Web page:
NEW YORK CITY -- A survey by the Pew Research Center predicts that the future of money may be the cellphone. And that future is closer than many think. According to the report, one in 10 Americans already have made charitable contributions via text messaging and more than a third have used mobile devices for banking. What’s more, 38% of smartphone users have purchased goods of some kind over their devices. | SEE SURVEY
The Pew survey is not alone. A Federal Reserve report released in March maintains that 21% of mobile phone owners have used mobile banking services in the past year and another 11% plan on using such services in the next 12 months. This suggests consumers are rapidly acclimating to buying smartphones.
Payments technologies, which include mobile apps like Google Wallet and other systems using near-field communication (NFC), are said to offer some advantages over cash and even credit cards. Proponents say "mobile money" is more convenient, and the devices that manage it have the ability to personalize shopping services (i.e., making suggestions or offering promotions).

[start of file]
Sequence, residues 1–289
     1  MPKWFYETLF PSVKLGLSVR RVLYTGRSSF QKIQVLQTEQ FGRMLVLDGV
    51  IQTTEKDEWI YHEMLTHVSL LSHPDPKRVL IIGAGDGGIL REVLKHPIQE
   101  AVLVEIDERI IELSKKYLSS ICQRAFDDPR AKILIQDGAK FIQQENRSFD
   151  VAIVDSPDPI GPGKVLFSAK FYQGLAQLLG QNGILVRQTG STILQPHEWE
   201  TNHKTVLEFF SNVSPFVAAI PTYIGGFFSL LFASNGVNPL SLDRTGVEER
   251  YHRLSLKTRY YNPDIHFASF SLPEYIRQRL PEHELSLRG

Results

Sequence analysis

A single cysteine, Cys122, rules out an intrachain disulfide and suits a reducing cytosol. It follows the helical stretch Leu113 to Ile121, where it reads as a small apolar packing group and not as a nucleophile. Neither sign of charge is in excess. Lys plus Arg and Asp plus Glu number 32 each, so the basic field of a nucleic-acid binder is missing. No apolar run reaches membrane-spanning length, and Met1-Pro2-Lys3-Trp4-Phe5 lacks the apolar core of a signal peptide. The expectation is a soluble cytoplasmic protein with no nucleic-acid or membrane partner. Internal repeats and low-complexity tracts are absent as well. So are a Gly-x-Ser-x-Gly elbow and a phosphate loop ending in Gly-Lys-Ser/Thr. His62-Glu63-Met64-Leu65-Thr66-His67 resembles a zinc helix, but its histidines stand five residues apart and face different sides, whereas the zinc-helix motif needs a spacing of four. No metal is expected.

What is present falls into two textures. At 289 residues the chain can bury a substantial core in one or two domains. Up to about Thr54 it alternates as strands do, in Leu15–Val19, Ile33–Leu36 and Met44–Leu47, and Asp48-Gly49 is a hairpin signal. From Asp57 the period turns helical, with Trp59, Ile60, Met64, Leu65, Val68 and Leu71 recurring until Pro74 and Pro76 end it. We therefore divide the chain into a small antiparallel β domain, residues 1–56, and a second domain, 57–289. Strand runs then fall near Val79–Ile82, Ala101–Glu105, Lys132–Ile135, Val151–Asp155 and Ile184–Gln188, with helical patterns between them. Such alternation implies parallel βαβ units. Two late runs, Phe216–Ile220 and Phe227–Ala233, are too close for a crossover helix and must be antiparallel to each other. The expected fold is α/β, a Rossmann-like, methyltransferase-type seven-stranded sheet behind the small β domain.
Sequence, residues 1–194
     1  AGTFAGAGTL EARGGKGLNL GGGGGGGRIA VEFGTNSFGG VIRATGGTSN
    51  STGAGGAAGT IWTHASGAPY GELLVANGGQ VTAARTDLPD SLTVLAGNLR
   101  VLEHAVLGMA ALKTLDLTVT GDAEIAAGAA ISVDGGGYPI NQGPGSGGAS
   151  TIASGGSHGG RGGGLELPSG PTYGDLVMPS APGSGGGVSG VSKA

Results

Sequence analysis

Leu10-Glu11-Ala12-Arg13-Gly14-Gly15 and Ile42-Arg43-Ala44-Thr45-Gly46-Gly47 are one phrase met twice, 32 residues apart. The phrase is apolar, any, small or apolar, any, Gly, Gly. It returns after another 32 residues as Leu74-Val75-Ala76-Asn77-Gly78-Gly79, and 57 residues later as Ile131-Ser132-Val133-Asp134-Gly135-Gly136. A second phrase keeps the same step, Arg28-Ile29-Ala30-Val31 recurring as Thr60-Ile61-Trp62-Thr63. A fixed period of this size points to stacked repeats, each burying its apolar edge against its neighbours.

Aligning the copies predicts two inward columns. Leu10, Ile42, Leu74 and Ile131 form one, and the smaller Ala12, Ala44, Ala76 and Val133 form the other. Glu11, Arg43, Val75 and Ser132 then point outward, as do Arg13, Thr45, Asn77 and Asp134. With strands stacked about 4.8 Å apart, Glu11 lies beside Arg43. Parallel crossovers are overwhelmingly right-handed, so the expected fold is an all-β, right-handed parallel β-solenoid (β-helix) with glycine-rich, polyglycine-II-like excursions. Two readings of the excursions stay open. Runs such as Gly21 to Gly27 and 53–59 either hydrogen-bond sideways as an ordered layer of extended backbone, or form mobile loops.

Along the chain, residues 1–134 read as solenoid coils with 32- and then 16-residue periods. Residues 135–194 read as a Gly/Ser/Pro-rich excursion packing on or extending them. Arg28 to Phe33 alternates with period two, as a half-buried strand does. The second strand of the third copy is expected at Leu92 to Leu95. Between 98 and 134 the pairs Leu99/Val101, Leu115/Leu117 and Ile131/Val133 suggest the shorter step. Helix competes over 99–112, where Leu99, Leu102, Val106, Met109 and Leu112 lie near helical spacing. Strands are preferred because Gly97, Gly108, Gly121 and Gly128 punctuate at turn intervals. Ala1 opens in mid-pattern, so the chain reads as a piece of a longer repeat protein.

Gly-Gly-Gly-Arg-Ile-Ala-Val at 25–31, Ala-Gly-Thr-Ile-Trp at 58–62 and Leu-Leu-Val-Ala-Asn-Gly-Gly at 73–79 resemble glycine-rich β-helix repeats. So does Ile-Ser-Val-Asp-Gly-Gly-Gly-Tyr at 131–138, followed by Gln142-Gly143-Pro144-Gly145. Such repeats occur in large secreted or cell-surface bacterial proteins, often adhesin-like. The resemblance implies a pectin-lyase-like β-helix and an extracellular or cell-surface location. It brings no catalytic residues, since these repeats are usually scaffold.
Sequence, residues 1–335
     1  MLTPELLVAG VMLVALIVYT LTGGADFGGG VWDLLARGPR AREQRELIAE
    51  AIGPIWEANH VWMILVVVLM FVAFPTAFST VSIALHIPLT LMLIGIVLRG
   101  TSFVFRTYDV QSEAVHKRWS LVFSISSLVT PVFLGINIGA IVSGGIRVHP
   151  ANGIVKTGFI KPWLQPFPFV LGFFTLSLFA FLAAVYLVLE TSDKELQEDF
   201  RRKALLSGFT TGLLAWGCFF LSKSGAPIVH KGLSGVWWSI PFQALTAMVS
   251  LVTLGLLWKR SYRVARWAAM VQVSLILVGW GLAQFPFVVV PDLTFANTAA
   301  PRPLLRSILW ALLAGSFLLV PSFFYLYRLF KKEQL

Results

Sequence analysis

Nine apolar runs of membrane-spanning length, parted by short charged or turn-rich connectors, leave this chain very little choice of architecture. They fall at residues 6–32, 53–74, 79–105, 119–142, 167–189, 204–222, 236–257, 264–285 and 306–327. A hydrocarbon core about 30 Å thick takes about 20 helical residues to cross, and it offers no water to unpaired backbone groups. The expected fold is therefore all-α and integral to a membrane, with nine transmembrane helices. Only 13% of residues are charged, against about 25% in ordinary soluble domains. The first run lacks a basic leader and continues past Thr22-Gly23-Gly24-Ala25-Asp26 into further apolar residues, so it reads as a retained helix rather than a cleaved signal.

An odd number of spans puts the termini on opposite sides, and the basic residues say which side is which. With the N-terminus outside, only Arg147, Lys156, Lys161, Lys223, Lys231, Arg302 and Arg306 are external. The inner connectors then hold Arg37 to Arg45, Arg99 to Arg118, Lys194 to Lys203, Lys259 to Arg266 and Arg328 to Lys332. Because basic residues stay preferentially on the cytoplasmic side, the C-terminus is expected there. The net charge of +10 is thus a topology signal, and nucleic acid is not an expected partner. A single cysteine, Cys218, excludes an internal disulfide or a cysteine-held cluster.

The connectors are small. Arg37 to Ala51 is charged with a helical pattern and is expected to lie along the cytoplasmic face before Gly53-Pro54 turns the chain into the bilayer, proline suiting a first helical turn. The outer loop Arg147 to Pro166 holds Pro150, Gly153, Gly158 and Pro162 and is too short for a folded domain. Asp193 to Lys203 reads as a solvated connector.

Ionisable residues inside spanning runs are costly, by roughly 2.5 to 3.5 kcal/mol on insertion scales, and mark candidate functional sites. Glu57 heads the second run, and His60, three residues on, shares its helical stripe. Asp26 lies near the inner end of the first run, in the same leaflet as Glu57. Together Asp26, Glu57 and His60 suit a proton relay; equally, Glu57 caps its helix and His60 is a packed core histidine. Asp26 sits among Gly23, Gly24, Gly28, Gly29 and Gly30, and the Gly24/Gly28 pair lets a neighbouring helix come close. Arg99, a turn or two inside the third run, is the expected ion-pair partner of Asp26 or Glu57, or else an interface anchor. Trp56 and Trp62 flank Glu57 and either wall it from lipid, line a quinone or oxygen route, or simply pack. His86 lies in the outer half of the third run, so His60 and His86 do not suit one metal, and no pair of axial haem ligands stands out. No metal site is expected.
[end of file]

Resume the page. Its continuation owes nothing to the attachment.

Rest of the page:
The potential of tapping into the multitrillion-dollar market has not gone unnoticed by the giant financial and technology firms. In 2011, Google rolled out Google Wallet with Citibank and MasterCard. Google Wallet users simply tap their NFC-enabled phones at points of purchase. | SEE STORY
In the near future, a consortium that includes Verizon, AT&T, T-Mobile, Visa, American Express, Discover and MasterCard are planning to roll out their own NFC-based payment system called Isis Mobile Wallet. This is a serious effort that is believed to have cost upwards of $100 million.
According to the Pew survey, these types of payment technologies will gain widespread acceptance by 2020.